• 99% of surveyed faculty indicated that interdisciplinary research should be a core part of the mission and activities of their institute.
  • More than four out of five faculty indicated that their institute has enabled interdisciplinary research opportunities that would have not have been possible in their home school and would like to participate more frequently in interdisciplinary research.
  • More than four out of five of faculty members perceive that support from the institute is sometimes, usually, or always important to their interdisciplinary research efforts and consider their research institute to play a valuable and supportive role in facilitating their research efforts.
  • Faculty perceive that the important supports that the institute can offer are to provide seed funding for interdisciplinary research projects and to foster an open and visibly collaborative environment.

The study provides evidence that research centres and institutes are fulfilling their mission within universities to bring interdisciplinary teams together to work on relevant research questions, but how generalisable are the results beyond the three institutes studied? What has your experience been?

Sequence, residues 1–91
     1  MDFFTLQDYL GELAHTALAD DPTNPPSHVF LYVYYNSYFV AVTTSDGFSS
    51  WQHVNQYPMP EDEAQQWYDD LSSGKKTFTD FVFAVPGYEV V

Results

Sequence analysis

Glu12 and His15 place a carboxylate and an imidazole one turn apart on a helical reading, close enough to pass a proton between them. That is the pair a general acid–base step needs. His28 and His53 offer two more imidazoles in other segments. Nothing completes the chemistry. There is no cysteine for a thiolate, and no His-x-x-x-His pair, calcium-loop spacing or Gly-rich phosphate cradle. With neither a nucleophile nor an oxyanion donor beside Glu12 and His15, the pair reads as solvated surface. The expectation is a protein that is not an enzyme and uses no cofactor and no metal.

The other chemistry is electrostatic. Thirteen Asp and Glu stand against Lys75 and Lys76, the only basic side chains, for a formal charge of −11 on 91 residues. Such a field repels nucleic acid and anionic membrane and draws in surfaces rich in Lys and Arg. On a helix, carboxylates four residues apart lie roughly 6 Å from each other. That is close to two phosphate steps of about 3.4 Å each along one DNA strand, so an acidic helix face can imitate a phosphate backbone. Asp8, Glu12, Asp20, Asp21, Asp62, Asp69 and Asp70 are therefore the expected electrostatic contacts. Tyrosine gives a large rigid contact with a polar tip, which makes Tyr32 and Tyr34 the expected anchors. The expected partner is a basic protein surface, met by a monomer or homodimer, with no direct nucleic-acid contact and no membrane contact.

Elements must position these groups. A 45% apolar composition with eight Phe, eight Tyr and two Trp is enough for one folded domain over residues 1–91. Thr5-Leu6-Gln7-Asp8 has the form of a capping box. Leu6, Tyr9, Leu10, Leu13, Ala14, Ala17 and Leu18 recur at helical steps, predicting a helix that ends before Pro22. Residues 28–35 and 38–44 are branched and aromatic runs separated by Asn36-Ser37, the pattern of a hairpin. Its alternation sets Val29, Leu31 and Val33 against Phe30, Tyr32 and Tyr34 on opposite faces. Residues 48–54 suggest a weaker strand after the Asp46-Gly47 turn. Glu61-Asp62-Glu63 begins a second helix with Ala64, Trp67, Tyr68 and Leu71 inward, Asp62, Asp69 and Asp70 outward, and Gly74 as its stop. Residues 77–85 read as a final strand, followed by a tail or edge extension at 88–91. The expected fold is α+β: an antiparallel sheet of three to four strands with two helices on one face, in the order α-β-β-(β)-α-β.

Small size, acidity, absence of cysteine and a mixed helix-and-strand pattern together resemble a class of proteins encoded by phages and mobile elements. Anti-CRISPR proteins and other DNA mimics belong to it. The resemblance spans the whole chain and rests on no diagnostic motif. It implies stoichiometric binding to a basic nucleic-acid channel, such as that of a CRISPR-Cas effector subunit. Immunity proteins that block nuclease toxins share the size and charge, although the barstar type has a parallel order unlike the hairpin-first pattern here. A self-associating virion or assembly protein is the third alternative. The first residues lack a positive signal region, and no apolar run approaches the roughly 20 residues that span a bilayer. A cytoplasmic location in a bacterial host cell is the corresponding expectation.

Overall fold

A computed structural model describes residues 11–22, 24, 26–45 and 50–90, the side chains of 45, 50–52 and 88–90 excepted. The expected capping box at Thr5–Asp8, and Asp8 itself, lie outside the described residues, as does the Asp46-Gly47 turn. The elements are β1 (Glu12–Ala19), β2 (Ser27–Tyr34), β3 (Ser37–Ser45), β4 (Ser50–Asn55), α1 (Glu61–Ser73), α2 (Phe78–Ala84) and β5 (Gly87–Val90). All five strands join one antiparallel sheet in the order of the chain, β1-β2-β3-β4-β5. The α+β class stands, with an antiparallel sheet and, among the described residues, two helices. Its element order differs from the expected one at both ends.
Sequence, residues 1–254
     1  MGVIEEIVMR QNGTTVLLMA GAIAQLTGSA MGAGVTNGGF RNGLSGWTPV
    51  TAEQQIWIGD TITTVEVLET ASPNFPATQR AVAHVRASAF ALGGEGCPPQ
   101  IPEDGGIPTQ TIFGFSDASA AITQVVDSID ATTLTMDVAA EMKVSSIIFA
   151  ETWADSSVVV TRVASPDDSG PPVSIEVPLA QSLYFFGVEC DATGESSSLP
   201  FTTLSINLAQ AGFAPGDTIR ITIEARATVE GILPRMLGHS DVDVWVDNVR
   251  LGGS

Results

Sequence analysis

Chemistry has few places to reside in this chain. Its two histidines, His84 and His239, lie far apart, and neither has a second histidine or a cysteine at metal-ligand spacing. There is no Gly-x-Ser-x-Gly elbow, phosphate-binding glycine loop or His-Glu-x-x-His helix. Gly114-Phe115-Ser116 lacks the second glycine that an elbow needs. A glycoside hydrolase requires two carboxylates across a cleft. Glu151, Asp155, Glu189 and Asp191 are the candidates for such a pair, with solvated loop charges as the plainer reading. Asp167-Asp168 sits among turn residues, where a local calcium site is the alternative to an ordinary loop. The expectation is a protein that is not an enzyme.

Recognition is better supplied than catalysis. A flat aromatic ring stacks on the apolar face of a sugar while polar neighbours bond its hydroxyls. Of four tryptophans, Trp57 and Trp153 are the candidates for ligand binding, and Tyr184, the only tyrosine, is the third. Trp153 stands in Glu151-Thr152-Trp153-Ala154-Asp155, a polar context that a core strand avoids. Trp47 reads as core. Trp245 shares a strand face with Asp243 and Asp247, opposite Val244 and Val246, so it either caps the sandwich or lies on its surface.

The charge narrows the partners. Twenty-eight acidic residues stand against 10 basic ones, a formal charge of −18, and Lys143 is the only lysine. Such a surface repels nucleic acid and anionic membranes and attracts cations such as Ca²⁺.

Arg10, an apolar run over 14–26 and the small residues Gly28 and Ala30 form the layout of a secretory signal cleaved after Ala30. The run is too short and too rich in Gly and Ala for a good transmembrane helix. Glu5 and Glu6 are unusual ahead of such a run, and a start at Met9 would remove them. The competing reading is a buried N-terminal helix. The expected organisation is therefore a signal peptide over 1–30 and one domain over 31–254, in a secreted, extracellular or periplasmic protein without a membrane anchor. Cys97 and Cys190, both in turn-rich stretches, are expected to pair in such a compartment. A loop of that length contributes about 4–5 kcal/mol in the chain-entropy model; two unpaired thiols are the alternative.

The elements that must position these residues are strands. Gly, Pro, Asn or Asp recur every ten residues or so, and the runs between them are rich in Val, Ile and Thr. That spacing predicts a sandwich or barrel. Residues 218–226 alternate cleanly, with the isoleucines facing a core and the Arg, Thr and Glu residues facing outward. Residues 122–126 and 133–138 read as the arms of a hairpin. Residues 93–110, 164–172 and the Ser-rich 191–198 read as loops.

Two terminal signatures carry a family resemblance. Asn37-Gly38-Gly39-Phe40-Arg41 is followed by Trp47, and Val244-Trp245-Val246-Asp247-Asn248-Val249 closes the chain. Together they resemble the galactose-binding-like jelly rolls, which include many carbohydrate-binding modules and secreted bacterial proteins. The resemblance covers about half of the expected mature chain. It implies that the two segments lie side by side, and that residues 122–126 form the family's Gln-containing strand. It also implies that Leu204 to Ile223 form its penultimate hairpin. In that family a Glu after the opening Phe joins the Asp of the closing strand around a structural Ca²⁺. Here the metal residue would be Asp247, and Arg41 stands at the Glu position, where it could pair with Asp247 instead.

The exciting challenge for centre and institute leaders is to continue to provide location-specific responses to enable interdisciplinary research teams and projects that faculty perceive:

  • as being intellectually worthwhile
  • will have impactful outcomes, and
  • will support their academic progression.

If you lead such a centre or institute what strategies have you used to achieve these goals? Are there other goals that you have set?

To find out more:
Bolger P. (2020). A study of faculty perceptions and engagement with interdisciplinary research in university sustainability institutes. Journal of Environmental Studies and Sciences, 1-15. (Online) (DOI):

Rhoten D. (2003). A Multi-method Analysis of the Social and Technical Conditions for Interdisciplinary Collaboration. The Hybrid Vigor Institute, BCS-0129573, final report for the National Science Foundation, San Francisco, United States of America. (Online):